United States v. Rivera, 6 M.J. 535, 537 n.3 (N.C.M.R. 1978).
Court-martial panels aren’t juries.  If they were, they couldn’t have only five members or reach non-unanimous verdicts when they have six members.  Ballew v. Georgia, 435 U.S. 223 (1978); Burch v. Louisiana, 441 U.S. 130 (1979).  The Supreme Court has repeatedly stated that the Sixth Amendment right to trial by jury doesn’t apply to courts-martial.  See, e.g., Whelchel v. McDonald, 340 U.S. 122, 127 (1950) (“The right to trial by jury guaranteed by the Sixth Amendment is not applicable to trials by courts-martial or military commissions.”).
All of that went through my mind this past week when I first noticed what was written on a sign I’d walked by hundreds of times since my office moved to Joint Base Andrews last year.  Here is the sign on the deliberation room at the Andrews trial courtroom:
That isn’t the only sign at the trial courtroom complex that abandons standard military justice nomenclature.  Here’s another:
And how does the signage refer to the defense counsel?  I don’t know; there didn’t seem to be a room reserved for one of them.

In the category of “so much the same, but still so very different” is the recent news that the Solicitor General’s office filed a letter with the Supreme Court to “correct its prior statement to [the] court” in the case of Nken v. Holder, which was decided in 2009. In its brief in that case, the government wrote: “By policy and practice, the government accords aliens who were removed pending judicial review but then prevailed before the courts effective relief by, inter alia, facilitating the aliens’ return to the United States by parole under 8 U.S.C. 1182(d)(5) if necessary, and according them the status they had at the time of removal.” SCOTUSblog takes it from there:

Lawyers who specialize in immigration apparently were not aware of any such “policy and practice.”  Eight months after the Supreme Court’s decision in Nken, a coalition of immigrants’ rights groups filed Freedom of Information Act (FOIA) requests with the Justice Department and other government agencies, seeking the facts on which the government’s claim may have been based.  As those efforts proceeded, the Solicitor General’s office ultimately told those groups that a search of its records had turned up four pages in an e-mail exchange, in December 2008 and January 2009, discussing what would be said in the government’s brief to the Supreme Court.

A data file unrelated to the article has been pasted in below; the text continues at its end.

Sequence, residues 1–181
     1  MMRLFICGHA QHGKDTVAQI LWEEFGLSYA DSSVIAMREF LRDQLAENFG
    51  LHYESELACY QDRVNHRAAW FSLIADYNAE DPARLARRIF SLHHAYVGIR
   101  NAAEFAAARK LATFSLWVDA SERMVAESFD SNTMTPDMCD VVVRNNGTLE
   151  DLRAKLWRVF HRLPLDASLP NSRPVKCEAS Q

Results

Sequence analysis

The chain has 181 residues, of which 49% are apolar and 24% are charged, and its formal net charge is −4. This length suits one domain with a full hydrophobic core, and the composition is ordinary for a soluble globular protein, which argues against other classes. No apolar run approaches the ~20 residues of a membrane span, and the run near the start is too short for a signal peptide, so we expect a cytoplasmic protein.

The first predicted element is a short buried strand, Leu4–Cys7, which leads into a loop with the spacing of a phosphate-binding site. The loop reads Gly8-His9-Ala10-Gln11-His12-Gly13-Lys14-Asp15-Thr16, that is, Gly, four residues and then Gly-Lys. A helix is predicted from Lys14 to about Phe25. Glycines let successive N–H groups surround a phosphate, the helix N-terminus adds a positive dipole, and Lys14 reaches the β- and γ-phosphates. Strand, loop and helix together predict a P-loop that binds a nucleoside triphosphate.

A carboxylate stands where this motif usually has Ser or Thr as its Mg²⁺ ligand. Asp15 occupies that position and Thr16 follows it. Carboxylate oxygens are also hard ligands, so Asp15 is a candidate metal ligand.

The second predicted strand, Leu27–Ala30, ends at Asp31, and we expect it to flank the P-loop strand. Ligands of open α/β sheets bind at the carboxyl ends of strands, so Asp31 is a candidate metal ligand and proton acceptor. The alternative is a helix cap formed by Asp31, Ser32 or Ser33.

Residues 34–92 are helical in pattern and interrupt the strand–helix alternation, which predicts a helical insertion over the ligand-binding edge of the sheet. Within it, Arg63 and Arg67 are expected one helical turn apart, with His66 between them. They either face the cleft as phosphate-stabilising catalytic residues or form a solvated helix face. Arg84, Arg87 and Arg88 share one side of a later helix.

The SG’s office, however, refused to disclose those e-mails.   So, last May, the immigrants’ rights groups filed a lawsuit in District Court in New York City, seeking an order to compel disclosure under the FOIA.  The complaint cited the government’s brief in Nken, arguing that “the government has made repeated public statements that it has a policy and practice of bringing back individuals who prevail in their immigration cases from abroad and continues to oppose motions to stay removal based on this promise to bring back individuals.”

Disputing that, the complaint said that “individuals who prevail in their immigration cases from abroad have faced substantial difficulty returning to the United States.  Despite efforts to seek out the government agencies and components responsible for facilitating return, individuals, their lawyers, and community organizations remain in the dark regarding the actual government process for return.”  In fact, the complaint said, citing several instances, “our government agencies have constructed multiple barriers to return which has resulted in individuals and their advocates spending months and years trying to return to family and community in this country….Generally, there is a lack of clarity or consistency as to which government agencies are responsible for arranging return and an attitude of indifference as to how, if at all, individuals can return.”

In other words, such a formal “policy and practice” didn’t exist. Rather, as the Solicitor General’s office explains in the second page of its letter, “the issue was not addressed by statute, and the government had not established a procedure as such: the volume of such cases was not large, and they were handled on a case-by-case basis.”